After years of serving as an eyesore, a former Kohl's Food Store may finally get a makeover.
"For the first time ever, we have somebody who's really interested in restoring the vacant Kohl's building," said Chuck Erickson, director of Planning and Economic Development, concerning the structure at 5455 S. 27th St.
That person is Alan Kaplan, president of Repak Real Estate Development in Deerfield, Ill.. Kaplan has requested that the city authorize its financial consulting firm, Ehlers & Associates, to conduct a tax-incremental financing feasibility analysis for the site.
His intention is to remodel the building shell, add landscaping, replace lighting and signage, and make it a more attractive location for businesses looking to lease space. He has accepted an offer to purchase the property with contingencies, Erickson said.
Residents often cite the property as one of the worst-looking, most underused in the city, Mayor Michael Neitzke said. The 163,000-square-foot building also suffers from asbestos problems, he added.
Redeveloping this property would go a long way in improving the city's portion of the commercial corridor.
"This is part of a bigger plan to better the South 27th Street area," Neitzke said.
The building is owned by Masue Trust, a Florida-based real estate investment trust that continues to collect rent money from the former tenant.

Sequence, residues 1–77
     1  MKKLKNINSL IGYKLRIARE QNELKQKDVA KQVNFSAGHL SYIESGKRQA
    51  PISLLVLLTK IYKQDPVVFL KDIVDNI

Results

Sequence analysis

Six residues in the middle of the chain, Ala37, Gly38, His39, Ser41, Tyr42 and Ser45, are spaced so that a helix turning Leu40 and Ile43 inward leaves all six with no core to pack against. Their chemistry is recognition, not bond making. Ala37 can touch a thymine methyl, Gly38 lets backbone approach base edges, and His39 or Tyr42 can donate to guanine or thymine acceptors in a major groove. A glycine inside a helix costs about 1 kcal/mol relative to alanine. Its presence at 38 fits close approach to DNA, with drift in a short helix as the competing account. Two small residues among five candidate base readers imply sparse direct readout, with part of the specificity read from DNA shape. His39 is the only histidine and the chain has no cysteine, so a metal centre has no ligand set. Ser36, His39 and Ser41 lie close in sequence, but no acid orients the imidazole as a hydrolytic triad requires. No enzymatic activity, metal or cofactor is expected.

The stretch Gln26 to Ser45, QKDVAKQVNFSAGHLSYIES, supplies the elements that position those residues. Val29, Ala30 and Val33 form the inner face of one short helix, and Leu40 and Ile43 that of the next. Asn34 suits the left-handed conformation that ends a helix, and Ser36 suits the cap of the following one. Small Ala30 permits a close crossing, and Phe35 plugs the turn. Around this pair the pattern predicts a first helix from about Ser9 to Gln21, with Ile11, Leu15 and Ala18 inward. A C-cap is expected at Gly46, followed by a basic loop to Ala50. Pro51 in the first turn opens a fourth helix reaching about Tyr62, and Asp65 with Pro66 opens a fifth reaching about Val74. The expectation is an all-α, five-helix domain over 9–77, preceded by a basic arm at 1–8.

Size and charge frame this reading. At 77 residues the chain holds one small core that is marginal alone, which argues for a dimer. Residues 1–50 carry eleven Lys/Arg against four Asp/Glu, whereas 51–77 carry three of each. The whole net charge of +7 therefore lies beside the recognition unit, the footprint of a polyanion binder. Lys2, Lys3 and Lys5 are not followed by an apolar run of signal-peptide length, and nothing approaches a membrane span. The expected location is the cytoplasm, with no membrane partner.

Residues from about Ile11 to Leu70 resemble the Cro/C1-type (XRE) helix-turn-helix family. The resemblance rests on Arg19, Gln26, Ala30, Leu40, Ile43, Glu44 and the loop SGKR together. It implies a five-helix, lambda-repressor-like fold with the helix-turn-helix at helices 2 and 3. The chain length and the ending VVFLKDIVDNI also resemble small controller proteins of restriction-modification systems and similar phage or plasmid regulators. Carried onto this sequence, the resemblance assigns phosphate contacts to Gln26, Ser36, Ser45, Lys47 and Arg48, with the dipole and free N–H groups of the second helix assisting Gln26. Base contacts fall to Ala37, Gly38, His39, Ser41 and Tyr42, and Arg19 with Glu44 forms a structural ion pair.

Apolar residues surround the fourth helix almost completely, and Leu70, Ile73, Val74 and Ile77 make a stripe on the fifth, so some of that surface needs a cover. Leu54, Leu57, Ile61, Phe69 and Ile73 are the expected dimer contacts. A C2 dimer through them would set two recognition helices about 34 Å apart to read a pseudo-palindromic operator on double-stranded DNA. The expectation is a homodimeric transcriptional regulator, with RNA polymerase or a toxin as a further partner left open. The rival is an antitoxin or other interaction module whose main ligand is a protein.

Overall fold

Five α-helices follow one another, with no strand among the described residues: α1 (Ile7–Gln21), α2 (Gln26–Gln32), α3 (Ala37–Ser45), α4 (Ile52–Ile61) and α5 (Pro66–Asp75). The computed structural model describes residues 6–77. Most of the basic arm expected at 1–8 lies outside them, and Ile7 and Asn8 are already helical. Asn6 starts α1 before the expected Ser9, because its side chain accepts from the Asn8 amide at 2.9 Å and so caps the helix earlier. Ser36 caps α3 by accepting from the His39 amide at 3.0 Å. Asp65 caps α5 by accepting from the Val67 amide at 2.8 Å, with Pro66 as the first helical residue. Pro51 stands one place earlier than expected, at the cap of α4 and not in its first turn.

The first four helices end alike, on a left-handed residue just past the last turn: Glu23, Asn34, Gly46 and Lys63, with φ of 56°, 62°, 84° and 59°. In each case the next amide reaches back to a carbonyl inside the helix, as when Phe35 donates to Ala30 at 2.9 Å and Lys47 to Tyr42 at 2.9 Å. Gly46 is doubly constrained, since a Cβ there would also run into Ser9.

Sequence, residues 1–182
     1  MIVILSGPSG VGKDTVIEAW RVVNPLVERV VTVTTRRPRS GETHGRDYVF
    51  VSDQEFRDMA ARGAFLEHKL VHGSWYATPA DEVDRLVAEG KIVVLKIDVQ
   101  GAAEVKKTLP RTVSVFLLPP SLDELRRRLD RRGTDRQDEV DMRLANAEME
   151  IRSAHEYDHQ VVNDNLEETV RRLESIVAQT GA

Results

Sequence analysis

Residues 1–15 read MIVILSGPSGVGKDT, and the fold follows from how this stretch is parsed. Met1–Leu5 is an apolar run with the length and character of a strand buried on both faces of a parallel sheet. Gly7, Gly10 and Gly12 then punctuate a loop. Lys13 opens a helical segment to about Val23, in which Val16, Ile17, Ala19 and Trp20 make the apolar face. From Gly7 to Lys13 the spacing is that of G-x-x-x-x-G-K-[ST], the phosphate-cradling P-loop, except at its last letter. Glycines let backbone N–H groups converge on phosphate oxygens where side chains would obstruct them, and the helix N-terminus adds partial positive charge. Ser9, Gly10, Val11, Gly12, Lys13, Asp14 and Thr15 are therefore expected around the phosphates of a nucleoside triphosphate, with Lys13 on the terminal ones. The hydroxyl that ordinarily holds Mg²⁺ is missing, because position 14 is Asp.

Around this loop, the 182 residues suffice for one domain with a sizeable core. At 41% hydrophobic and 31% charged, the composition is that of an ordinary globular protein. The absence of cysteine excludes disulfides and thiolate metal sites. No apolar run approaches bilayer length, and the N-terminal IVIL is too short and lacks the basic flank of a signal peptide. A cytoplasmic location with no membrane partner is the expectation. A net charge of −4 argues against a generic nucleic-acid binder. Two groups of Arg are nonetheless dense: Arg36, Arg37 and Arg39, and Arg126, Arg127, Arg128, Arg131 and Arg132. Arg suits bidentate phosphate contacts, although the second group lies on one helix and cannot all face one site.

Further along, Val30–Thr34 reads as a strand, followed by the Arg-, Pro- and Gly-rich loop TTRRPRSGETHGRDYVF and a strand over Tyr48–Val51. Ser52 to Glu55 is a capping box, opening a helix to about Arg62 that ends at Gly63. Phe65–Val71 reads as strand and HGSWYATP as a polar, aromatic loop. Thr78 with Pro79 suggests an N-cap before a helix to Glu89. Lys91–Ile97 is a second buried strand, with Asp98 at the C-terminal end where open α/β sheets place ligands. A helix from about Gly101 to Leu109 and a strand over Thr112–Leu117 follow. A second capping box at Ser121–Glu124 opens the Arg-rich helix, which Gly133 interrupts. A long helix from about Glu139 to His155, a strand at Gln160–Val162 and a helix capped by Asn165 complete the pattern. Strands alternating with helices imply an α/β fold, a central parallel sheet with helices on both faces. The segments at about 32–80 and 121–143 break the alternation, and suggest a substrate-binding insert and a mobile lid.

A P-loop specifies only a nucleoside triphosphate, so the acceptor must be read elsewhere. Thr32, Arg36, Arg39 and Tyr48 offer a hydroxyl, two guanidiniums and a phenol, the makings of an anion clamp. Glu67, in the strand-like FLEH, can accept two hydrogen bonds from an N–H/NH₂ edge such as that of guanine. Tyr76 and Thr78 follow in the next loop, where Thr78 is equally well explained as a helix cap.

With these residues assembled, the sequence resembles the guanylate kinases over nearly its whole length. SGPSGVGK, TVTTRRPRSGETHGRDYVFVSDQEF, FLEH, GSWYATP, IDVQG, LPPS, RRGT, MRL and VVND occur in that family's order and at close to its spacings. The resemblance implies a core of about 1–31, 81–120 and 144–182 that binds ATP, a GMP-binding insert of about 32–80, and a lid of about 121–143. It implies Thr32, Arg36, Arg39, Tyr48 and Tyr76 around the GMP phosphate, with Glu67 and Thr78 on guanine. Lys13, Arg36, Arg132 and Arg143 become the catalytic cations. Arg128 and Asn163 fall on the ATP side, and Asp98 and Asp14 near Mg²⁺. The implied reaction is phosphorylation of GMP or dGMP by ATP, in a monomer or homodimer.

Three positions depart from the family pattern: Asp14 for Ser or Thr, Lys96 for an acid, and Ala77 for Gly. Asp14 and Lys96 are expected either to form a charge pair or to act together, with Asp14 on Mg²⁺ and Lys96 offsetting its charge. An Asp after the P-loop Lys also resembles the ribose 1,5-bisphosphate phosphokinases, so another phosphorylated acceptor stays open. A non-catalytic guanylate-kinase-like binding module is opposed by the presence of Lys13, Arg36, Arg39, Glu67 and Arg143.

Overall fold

"The owner has no incentive whatsoever to do anything with the property," Neitzke said.
As a result, the asking price stands far above market value. So in order for Kaplan to take the chance and invest in the property, he will need financial support, Erickson said.
"We've had this armpit sitting there," Erickson said. "It will likely stay that way unless there's some assistance from the city to make it an attractive place for commercial real estate activity."
Kaplan also told city officials he'd like to develop the corner outlot, a spot that could attract such businesses as banks, coffee shops or fast-food restaurants.
If the vacant Kohl's Food Store is redeveloped, city officials would like to see changes to the entire nearly 4-acre site; however, the northern end of the parcel that includes Pet World belongs to a separate owner, bringing another party into the mix.
The committee unanimously agreed to forward the issue to the Common Council with a recommendation contingent on the developer reimbursing the city for the study costs.
The council was expected to take up the issue at its Sept. 19 meeting, after the Observer's deadline.
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